Keeping that TODO List with the Terminal And Github

As a person with Attention Deficit Disorder, keeping a todo list manages to be a. incredibly difficult and b. vitally important to maintain even a shred of my rapidly waning sanity

I have tried roughly every system out there. Including, but not limited to:

  • Evernote,
  • Workflowy
  • Omnifocus
  • A Notebook
  • Emailing Myself
  •  Creating a Machine Learning Style App that Tries to Remember When I Need to Order Toilet Paper
  • A Stack of Oversized Post-it notes that I Keep on My Desk That I Then Pull The Top Post It From And Put In My Wallet When I Leave The Office For The Day
  • Giving Up
  • etc.

It's a whole thing.

The first biggest problem is cross functionality. I have a personal computer and a work computer and a phone, a purse and a backpack, and I work from two different offices. It's really important that the list of shit you need to do is trustworthy. Your brain will never let things go if it thinks there's a chance you'll lose or miss something.

The second biggest problem is workflow, every new todo list app or style of capture involves learning and perfecting a new workflow. I. Am. Lazy. I am also not very diligent about things that I dislike.

And the last biggest problem is bloat. There are tips and tricks to not making a todo list a giant mess of things you actually need to do piled in with a bunch of stuff you kind of feel obligated to do but will never really get to. (May I suggest a book called Getting Things Done) It's super hard to maintain that strict filter on things when you switch platforms a ton.

So my newest attempt (and no, I'm not saying this will work any better than the rest) is keeping those three things in mind. 

I'm keeping my todos where I hangout all day: Github.

The first thing I did was set up a private repo on Github. I know that private doesn't ever really mean private on the interwebs, but neither was my diary in fourth grade. I know how to use code words that my mom doesn't understand.

Then I set up a `README.md`, a folder called `daily`, and a folder called `backup`

The `README.md` will be my active TODO list. Why? Because Github automatically displays this file when you navigate to the repo. Also it makes me happy in a way I have trouble articulating.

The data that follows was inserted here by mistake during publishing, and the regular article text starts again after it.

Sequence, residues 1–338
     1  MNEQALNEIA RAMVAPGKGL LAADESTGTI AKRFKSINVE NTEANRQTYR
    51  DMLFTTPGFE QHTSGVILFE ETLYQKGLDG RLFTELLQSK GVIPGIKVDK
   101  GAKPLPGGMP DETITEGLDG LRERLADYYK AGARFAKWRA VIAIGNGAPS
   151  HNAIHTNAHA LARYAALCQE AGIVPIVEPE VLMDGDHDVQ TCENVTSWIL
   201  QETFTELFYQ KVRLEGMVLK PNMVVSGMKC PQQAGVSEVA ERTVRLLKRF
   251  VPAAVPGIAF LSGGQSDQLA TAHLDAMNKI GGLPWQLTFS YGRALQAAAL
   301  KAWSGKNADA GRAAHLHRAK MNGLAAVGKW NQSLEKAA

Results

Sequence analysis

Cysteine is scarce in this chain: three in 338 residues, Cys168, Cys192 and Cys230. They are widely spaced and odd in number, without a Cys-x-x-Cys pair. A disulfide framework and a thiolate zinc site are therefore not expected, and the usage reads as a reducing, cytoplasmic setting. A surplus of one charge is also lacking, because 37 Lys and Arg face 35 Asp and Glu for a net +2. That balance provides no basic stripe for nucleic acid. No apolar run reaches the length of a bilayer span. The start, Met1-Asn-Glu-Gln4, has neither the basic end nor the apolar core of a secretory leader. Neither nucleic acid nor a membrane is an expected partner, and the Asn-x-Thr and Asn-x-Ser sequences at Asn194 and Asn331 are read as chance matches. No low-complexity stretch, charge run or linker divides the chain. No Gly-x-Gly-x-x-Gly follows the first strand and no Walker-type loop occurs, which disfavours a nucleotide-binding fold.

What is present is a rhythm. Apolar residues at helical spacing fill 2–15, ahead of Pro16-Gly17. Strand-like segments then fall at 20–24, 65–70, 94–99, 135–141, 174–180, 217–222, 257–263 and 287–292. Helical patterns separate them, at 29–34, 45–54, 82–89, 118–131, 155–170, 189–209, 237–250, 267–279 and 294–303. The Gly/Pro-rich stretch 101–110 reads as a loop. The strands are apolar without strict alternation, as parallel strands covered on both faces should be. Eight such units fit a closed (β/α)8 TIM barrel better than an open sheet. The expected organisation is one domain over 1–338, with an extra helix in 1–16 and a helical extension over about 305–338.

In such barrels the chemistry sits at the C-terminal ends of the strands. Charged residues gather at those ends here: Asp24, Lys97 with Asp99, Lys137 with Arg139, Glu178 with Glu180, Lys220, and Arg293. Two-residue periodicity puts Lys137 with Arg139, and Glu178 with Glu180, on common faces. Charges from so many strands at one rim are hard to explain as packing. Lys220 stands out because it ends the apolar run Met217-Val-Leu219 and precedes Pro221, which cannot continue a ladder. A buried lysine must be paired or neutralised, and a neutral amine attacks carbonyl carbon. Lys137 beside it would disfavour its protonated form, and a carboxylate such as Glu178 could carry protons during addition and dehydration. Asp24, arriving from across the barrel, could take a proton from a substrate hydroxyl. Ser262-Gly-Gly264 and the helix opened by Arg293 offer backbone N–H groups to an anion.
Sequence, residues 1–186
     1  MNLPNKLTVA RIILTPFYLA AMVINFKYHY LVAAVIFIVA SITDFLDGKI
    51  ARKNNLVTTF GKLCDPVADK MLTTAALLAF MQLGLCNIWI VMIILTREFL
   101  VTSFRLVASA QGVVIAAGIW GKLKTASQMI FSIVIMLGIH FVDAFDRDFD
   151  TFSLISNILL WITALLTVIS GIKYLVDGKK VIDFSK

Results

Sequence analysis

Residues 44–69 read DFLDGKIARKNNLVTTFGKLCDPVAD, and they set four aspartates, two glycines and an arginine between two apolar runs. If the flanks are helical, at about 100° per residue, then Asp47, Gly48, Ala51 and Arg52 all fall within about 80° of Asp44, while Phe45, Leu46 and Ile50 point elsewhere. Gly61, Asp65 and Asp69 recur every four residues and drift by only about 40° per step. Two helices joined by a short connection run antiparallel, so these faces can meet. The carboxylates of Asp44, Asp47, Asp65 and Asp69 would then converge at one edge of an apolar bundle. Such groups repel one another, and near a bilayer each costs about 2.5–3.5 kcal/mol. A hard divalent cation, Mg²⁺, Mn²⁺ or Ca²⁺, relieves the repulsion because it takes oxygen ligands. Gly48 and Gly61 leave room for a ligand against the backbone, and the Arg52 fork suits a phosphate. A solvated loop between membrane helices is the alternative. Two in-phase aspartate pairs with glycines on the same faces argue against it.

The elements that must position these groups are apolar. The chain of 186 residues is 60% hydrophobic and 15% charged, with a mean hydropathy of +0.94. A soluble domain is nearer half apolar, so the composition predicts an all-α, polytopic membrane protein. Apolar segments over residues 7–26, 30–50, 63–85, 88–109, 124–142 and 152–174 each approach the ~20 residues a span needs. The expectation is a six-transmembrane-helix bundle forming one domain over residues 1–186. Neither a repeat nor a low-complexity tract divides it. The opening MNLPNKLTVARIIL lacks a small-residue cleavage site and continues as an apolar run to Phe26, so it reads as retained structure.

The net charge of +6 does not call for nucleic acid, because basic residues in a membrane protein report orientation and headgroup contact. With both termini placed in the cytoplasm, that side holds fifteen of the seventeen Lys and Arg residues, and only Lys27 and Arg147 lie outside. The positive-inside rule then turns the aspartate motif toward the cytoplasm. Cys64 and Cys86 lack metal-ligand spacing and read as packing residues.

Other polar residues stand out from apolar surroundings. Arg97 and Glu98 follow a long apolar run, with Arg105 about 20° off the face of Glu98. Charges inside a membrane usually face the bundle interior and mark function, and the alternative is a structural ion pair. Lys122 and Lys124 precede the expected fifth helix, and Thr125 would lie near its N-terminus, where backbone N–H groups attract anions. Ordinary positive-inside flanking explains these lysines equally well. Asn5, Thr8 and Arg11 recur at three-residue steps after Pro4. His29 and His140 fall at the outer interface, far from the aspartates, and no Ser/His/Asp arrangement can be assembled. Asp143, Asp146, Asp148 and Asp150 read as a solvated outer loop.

The `backup` folder will be where I `cp README.md backup/too_much_stuff_piling_up.md` when my todo list becomes overwhelming and I need to cut it down to the essentials.

And finally, the `daily` folder is where I will put my morning brainstorming. This is a habit I picked up to collect brilliant ideas, and warm up for the day while I'm having my first cup of coffee. I find that this really helps with bloat in my todo list because it tricks my brain into feeling like I'm capturing all of my 'FACEBOOK FOR DOGS' ideas that seem awesome in the A.M. If they really are brilliant ideas, they'll stick around for a few days and then I look back on those notes and turn them into real TODOs and plans.

I'll keep this repo cloned on my personal computer, and on my work computer, all I have to do is edit files from github.com. I won't be able to edit the todo list from my phone, and to be honest, that may break this system. But the only way to find out is to try it.

Making in Easy!

So the workflow here is 'good' but it isn't great. I need to make it super easy for my morning lizard brain to use.

So I wrote the following aliases for myself in my `.bash_profile` to make things simple. (For some reason I don't use ZSH on my personal computer. I have no idea why. Different blog post I guess)

alias markdown='open -a Markdown\ Pro'
alias writing="cd /Users/rrgayhart/Sites/writing"
alias todo="writing; markdown README.md"
alias diary="writing; cd daily/; mvim $(date +'%m%d%y').md"

So what does this all do?

The first line allows me to open a document from the terminal in a Markdown Editor.

The second line lets me type writing into a terminal to get to my writing directory.

The third line responds to the command `todo` in the terminal by opening /writing and opening my todo list in a markdown editor

And the fourth line goes to my writing folder, opens the daily section, and uses Mac Vim to open a file with today's date. If the file already exists, it'll open that file, otherwise it'll start with a fresh file.

Will it work?

Honestly, I don't know. I suspect there will be more alias-ing and more folders, and I also worry about the fact that this system isn't easily editable from my phone. 

But, if nothing else, I learned how to get a formatted date from Bash. So that's pretty cool.